The Scourge of Allied Airmen

With its mid-wing monoplane design and distinct comma tail, Fokker's E-series fighter is one of the most recognizable aircraft of World War I. The Fokker E.III Eindecker -- meaning "single wing" -- was born when a machine gun and relatively dependable interrupter gear were mated with an existing airplane.

The E.III deserves a significant place in aviation history, not necessarily because of its aerial prowess, but because it was the first combat aircraft in the world to be equipped with a forward-firing, fixed machine gun synchronized to fire between the propeller blades. Looking back, however, historians note the result was nothing too amazing. The Eindecker was notoriously weak structurally and the firing mechanism was prone to failure _ sometimes causing a pilot to blow off his own propeller! But seen in the context of the air war at the time -- in the last days of 1915 -- the Eindecker meant everything.

German flyers like Max Immelmann and Oswald Boelcke flew these Fokker Eindeckers, hunting Allied machines and developing the groundwork of the fighter tactics that are still employed today.

The Museum's Fokker E.III was built in 1981 by Jim and Zona Appleby.

Registration:
N3363G
Wingspan:
31.25ft
Length:
24ft
Height:
8ft
Wing Area:
172.80ft²
Empty Weight:
878lbs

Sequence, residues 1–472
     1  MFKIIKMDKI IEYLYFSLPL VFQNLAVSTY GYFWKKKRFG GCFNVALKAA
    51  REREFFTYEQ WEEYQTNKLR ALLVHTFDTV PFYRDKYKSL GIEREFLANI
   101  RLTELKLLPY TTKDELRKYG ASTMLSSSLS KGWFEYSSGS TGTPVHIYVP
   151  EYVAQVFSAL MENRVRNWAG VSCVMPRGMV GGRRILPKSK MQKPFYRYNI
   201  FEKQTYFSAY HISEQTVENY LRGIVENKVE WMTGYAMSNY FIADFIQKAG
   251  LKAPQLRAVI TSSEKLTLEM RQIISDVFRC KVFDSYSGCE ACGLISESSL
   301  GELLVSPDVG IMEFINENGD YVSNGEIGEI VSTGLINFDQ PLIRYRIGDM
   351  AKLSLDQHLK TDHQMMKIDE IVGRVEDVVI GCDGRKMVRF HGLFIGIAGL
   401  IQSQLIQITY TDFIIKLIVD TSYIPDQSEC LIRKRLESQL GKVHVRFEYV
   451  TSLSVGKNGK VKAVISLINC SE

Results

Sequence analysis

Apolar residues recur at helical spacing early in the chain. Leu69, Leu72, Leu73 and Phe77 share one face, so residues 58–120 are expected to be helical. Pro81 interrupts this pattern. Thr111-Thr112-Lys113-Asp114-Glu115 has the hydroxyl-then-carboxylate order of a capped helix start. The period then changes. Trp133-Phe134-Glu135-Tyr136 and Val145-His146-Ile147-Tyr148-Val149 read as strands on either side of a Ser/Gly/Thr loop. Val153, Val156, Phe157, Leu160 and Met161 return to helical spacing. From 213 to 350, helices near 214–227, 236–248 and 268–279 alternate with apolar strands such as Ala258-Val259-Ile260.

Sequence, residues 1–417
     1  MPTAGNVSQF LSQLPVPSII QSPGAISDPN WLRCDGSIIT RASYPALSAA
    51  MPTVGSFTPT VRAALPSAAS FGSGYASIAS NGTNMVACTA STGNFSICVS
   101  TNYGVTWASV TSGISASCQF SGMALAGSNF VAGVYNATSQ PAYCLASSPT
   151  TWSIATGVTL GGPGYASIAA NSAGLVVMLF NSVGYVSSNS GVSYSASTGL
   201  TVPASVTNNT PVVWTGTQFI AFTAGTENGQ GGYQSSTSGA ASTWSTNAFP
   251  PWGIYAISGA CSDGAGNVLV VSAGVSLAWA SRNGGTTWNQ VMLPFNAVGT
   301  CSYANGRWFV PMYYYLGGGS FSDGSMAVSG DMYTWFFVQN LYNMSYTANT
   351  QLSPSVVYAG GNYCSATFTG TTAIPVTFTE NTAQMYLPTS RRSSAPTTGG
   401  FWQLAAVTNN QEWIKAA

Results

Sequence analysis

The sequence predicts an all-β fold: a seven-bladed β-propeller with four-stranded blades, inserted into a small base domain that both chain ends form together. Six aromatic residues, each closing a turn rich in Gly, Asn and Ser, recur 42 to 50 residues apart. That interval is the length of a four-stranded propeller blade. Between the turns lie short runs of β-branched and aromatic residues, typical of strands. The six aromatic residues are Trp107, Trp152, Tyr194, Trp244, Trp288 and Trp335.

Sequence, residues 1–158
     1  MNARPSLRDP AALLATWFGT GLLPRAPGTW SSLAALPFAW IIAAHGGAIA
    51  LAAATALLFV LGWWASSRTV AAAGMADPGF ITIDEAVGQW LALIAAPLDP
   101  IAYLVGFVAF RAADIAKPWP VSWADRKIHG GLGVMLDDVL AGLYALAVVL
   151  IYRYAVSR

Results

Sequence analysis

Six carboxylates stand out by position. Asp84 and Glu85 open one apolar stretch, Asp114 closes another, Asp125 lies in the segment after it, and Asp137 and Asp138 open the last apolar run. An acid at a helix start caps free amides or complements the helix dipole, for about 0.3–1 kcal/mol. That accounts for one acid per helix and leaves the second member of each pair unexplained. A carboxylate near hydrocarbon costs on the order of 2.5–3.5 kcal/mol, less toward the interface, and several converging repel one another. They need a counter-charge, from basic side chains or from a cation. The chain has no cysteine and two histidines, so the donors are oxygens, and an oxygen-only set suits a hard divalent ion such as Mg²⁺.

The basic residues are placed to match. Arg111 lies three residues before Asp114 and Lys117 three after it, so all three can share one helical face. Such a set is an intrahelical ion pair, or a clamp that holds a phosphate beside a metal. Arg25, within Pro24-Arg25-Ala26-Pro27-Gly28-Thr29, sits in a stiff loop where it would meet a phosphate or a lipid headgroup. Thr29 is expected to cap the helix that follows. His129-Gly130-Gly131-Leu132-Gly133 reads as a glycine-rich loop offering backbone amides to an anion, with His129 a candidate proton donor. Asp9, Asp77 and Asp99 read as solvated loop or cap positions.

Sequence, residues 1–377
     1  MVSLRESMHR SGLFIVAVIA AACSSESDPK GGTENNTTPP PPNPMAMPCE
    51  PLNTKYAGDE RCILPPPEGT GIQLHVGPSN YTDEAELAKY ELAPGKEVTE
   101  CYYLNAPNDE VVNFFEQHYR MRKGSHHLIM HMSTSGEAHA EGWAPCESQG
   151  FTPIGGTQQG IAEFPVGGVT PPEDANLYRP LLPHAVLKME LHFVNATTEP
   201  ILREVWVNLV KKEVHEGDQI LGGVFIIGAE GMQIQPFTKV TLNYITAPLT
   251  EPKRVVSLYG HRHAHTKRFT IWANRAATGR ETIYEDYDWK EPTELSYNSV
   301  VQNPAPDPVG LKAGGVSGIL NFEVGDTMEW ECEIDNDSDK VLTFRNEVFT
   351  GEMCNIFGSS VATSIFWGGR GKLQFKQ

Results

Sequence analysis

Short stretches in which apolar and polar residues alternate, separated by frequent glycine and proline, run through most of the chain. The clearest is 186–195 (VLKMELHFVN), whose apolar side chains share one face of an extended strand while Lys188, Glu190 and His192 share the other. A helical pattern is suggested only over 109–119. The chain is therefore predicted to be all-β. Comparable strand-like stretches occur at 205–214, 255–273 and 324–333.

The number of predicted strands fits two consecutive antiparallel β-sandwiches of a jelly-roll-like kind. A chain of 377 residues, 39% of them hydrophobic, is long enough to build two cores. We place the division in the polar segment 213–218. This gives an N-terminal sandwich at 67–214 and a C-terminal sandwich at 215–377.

Gross Weight:
1,342lbs
Maximum Speed:
81mph
Power Plant:
One Oberursel U I, 100 h.p. rotary engine (currently has a Le Rhône 9C, 80 h.p. engine)

The Scourge of Allied Airmen

With its mid-wing monoplane design and distinct comma tail, Fokker's E-series fighter is one of the most recognizable aircraft of World War I. The Fokker E.III Eindecker -- meaning "single wing" -- was born when a machine gun and relatively dependable interrupter gear were mated with an existing airplane.

The E.III deserves a significant place in aviation history, not necessarily because of its aerial prowess, but because it was the first combat aircraft in the world to be equipped with a forward-firing, fixed machine gun synchronized to fire between the propeller blades. Looking back, however, historians note the result was nothing too amazing. The Eindecker was notoriously weak structurally and the firing mechanism was prone to failure _ sometimes causing a pilot to blow off his own propeller! But seen in the context of the air war at the time -- in the last days of 1915 -- the Eindecker meant everything.

German flyers like Max Immelmann and Oswald Boelcke flew these Fokker Eindeckers, hunting Allied machines and developing the groundwork of the fighter tactics that are still employed today.

The Museum's Fokker E.III was built in 1981 by Jim and Zona Appleby.

Registration:
N3363G
Wingspan:
31.25ft
Length:
24ft
Height:
8ft
Wing Area:
172.80ft²
Empty Weight:
878lbs
Gross Weight:
1,342lbs
Maximum Speed:
81mph
Power Plant:
One Oberursel U I, 100 h.p. rotary engine (currently has a Le Rhône 9C, 80 h.p. engine)